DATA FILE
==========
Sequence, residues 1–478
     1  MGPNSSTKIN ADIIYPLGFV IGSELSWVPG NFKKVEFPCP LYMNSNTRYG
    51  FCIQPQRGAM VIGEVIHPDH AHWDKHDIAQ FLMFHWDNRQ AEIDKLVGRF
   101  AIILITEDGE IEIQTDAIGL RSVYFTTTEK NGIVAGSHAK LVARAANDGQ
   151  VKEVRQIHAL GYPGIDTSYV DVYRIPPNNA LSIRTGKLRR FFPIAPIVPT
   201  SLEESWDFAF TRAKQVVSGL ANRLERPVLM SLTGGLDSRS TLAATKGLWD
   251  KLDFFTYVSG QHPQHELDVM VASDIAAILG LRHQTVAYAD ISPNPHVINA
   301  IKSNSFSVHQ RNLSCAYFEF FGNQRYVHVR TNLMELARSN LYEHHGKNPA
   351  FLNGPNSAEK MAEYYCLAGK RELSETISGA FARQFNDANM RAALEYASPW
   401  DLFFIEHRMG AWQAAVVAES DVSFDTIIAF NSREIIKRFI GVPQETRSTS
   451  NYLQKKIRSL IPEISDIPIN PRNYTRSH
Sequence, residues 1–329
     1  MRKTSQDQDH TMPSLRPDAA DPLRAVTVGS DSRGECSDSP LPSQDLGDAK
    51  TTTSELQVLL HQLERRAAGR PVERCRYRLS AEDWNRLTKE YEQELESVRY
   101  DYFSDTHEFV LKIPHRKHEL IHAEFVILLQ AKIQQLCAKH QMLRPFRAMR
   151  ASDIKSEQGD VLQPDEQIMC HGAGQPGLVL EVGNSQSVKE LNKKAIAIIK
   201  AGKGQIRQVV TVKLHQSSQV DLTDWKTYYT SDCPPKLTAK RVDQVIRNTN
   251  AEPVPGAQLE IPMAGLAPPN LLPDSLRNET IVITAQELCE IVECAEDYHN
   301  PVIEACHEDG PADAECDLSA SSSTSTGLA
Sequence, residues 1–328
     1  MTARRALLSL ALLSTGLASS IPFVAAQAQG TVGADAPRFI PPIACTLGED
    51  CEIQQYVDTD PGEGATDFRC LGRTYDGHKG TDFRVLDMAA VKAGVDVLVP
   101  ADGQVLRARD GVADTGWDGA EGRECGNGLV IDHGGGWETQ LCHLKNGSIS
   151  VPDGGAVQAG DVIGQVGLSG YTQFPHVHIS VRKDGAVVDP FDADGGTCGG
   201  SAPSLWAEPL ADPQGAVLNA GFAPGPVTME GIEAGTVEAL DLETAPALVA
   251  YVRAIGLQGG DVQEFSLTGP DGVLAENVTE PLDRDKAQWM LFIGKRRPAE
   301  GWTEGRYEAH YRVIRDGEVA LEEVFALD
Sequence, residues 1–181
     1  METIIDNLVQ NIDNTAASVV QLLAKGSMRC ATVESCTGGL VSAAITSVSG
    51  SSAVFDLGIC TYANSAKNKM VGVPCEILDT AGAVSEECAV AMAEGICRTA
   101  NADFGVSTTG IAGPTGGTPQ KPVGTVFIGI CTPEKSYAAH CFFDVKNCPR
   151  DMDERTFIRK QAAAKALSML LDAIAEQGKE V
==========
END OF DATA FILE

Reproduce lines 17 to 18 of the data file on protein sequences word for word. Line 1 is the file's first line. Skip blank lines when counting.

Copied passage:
   201  AGKGQIRQVV TVKLHQSSQV DLTDWKTYYT SDCPPKLTAK RVDQVIRNTN
   251  AEPVPGAQLE IPMAGLAPPN LLPDSLRNET IVITAQELCE IVECAEDYHN